I have to agree with my colleague Jeff Reeves — there’s no sense in making any moves at least until after the election, and probably not until Thanksgiving. Yes, a run like we’ve had so far this year would be great news for an entire year in any year. Hell, a steady 11% annual gain doubles your money almost every six years.
But it’s hard to have much confidence in the market’s low-volume rally. Is the outlook for economic or corporate earnings growth really 11% better now than it was on Dec. 30, 2011? No. GDP forecasts for the U.S., Europe, China, Brazil, India — you name it — are lower now than they were at the start of the year. And so are corporate profit forecasts, the ultimate driver of share prices. Meanwhile, with the exception of housing, most of the data is softening.
Oh, and no one knows what his or her marginal tax rate will be next year.
Staying frosty with defensive dividend payers looks good here, and I wouldn’t be surprised to see the bond market keep chugging along, with the yield on the 30-year Treasury closing in on 2% (It’s at 2.78% now). Think it can’t happen? Tell it to the Germans or the Japanese, whose 30-year government debt throws off 2.27% and 1.86%, respectively.
— Dan Burrows, InvestorPlace feature writer
The aspect of this market I find most puzzling is that it keeps reacting to information that should have been factored into prices months or even years ago. If you pick up a newspaper from any time in 2011, the main preoccupations driving market volatility were “macro” worries coming out of Europe. If you pick up a newspaper from any time this year, you’re going to see the exact same headlines, and you’re going to see the market reacting the exact same way.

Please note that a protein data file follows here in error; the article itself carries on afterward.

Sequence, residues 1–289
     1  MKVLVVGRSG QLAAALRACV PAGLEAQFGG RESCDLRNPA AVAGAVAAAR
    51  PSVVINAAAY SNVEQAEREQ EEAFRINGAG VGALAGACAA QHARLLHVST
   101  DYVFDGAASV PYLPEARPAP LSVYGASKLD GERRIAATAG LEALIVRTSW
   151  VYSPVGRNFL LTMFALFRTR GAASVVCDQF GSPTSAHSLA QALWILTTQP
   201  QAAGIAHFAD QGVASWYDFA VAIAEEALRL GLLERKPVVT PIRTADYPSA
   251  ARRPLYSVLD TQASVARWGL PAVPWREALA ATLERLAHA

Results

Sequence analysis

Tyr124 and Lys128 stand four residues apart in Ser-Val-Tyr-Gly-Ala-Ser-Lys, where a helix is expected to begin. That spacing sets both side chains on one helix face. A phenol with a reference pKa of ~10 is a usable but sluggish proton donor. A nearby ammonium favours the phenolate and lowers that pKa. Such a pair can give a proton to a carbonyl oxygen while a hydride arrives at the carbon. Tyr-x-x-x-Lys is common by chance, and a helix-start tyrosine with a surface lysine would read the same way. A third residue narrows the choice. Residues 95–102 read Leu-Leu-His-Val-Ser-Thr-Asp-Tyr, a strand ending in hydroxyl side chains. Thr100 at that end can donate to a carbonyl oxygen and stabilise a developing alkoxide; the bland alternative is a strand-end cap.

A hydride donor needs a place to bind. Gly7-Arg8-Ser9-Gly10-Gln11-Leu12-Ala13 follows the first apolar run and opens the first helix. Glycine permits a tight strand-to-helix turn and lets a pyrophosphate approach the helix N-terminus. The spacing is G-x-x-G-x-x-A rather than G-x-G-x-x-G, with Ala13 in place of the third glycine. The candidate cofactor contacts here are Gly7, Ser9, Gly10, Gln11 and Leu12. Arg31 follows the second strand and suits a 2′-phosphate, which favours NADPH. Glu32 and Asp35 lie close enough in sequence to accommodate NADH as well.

I am no believer in the “efficient market hypothesis.” In fact, I believe the theory to be the single-worst development in the history of investment management profession. But that said, efficient markets or not, it shouldn’t take two years for the same macro headlines to get factored into prices.
Something has changed with investor psychology as well. I pretty much have to wrestle my clients to the ground to get them to put money in the market these days. There just is no tolerance for risk and a general feeling that the market is rigged against them. I understand completely, of course. But their risk aversion has gotten to the point where it’s bleeding over into risk-seeking behavior without even realizing it. Buying bonds or leaving investable funds in cash is virtually guaranteed to lose money after inflation.
My advice is to load up on quality names paying a decent dividend and wait it out. You might be waiting for a while, but at least you’re getting paid.
— Charles Sizemore, Editor of the Sizemore Investment Letter
I think the real question worth asking is a bigger-picture one. The market rut is not something that happened all of a sudden.